Jan 21, 2014 7:20 PM by Annie Snead
Our state is taking steps to encourage schools to have a life saving device on hand.
New legislation allows them to administer EpiPens.
"So many kids will end up having their first allergic reaction at school and not have had a known diagnosis of an allergy," said Dr. Luke Webb with Asthma and Allergy Associates in Colorado Springs.
And now Colorado legislation allows schools to have epinephrine in stock to use on kids who don't have prescriptions.
"So having these EpiPens at school will allow the officials if they identify the child is having a severe allergic reaction, to be able to treat it without having to wait on an ambulance or wait till they get to the emergency room," he said.
Dr. Webb with says early administration can be the difference between life and death.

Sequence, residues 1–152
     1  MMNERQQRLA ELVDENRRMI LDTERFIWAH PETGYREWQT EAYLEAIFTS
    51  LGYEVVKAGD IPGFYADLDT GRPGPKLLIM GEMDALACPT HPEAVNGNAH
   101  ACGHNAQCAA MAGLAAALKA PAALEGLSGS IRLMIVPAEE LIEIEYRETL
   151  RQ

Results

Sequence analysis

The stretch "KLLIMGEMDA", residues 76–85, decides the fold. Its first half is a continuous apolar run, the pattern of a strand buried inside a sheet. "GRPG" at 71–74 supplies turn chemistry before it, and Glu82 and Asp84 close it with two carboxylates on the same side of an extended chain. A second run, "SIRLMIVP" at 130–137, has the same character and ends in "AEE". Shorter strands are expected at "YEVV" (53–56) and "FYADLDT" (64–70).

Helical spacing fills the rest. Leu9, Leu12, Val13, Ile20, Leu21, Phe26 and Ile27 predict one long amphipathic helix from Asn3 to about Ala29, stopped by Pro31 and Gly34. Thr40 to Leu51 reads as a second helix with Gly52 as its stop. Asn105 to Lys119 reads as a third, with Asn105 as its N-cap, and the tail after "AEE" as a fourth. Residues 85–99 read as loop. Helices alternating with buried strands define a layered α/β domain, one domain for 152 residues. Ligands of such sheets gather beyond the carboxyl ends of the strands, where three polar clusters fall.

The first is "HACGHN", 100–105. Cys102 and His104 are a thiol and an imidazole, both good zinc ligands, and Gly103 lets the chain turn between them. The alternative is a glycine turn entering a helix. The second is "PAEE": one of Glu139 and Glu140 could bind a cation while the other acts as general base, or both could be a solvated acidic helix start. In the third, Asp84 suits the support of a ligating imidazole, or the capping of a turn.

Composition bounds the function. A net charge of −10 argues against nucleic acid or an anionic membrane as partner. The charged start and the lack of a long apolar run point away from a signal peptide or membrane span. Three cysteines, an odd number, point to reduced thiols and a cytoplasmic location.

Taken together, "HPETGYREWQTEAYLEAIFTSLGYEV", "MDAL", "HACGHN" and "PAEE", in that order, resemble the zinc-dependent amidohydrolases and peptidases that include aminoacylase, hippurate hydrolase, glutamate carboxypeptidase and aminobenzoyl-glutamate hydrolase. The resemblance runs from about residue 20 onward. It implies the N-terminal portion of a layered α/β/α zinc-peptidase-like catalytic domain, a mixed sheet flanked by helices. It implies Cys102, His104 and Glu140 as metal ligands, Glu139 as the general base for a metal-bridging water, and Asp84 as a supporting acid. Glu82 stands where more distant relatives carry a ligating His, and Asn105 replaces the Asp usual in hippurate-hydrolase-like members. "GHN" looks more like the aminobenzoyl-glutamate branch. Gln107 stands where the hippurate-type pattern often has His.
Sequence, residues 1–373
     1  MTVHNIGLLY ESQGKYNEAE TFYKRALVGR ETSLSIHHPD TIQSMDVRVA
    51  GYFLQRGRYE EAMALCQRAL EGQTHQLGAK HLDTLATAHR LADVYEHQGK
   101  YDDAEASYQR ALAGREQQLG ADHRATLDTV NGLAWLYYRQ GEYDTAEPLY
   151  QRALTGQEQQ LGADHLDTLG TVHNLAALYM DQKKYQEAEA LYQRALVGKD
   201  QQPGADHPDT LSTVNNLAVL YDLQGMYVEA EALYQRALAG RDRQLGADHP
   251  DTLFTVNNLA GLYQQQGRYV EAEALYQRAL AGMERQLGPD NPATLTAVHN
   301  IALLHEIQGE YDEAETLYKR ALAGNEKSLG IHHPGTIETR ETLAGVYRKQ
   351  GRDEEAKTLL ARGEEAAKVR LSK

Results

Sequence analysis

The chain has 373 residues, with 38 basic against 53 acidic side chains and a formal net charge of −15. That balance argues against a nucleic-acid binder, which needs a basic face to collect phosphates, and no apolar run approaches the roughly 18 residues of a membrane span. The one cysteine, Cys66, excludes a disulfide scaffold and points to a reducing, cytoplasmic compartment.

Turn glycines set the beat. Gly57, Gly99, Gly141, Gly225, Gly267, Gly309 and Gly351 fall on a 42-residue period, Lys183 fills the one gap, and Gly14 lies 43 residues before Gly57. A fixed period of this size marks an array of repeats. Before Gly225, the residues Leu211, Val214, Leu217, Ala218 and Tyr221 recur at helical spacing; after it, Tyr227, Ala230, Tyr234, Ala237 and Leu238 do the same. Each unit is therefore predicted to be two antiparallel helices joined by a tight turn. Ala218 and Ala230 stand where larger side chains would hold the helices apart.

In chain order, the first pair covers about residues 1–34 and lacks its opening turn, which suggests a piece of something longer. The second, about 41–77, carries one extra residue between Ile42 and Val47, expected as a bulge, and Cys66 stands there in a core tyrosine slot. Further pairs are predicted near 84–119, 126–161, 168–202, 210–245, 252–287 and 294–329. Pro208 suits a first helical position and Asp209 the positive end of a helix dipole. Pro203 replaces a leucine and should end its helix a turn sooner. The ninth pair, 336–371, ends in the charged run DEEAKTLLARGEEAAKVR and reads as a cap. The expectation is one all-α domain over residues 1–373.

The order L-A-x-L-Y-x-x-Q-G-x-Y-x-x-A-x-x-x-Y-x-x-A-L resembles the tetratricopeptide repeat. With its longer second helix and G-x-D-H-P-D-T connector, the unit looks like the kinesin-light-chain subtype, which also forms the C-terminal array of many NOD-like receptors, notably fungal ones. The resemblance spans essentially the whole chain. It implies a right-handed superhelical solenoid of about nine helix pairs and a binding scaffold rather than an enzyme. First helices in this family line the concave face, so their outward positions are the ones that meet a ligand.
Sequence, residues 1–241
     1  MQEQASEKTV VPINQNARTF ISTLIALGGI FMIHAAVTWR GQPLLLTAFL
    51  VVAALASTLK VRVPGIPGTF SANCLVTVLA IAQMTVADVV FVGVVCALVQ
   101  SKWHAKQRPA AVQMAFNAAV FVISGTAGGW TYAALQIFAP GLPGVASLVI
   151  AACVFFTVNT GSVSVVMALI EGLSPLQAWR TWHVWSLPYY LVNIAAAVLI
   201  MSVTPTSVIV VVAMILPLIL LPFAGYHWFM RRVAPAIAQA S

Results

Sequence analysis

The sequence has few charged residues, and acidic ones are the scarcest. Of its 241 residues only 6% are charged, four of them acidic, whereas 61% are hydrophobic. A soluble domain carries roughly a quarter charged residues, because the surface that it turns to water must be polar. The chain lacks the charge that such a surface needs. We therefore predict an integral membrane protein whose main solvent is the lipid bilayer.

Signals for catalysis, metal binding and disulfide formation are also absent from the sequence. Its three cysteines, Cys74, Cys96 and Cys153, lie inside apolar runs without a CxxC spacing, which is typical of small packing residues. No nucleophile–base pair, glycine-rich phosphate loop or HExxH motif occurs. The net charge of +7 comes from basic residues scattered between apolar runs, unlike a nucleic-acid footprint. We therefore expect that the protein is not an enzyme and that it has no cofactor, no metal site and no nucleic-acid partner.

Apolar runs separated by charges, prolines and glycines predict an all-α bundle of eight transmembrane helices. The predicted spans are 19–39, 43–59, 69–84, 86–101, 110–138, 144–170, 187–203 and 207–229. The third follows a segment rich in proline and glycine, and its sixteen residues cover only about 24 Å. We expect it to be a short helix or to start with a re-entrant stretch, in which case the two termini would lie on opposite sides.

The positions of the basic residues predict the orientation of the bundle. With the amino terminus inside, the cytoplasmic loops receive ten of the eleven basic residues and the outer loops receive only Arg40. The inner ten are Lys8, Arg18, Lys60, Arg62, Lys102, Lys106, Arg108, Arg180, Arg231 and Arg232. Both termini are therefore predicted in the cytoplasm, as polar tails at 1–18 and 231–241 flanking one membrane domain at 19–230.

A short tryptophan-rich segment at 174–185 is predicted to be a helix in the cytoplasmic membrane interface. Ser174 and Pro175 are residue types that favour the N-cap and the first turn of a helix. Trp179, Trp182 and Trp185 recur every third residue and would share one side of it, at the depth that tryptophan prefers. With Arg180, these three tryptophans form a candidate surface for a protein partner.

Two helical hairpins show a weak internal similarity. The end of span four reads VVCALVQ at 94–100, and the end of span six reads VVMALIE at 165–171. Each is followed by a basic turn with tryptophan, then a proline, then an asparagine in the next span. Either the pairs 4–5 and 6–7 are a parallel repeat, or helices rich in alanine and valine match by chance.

He says administering the EpiPen is very easy.
"It is extremely safe and now guidance is coming from the state regarding just how to carry out this plan of now having these epinephrine auto injectors and how to use them," he said.
Public and private schools have the option to implement the law, and there could be some challenges.
"This is a vast undertaking, giving guidance to every school in the state and too the Department of Education wants to be very careful that they are creating a plan that's implementable by schools and that can be clearly followed," he said.
Legislation has already passed nationally to encourage every school in the U.S. to keep epinephrine auto injectors.
"Hopefully the remaining 20 or so states that don't already have something in place regarding stock epinephrine available or at least encouraging schools to do that will fall in line very quickly to be able to offer this to kids throughout the entire country," said Webb.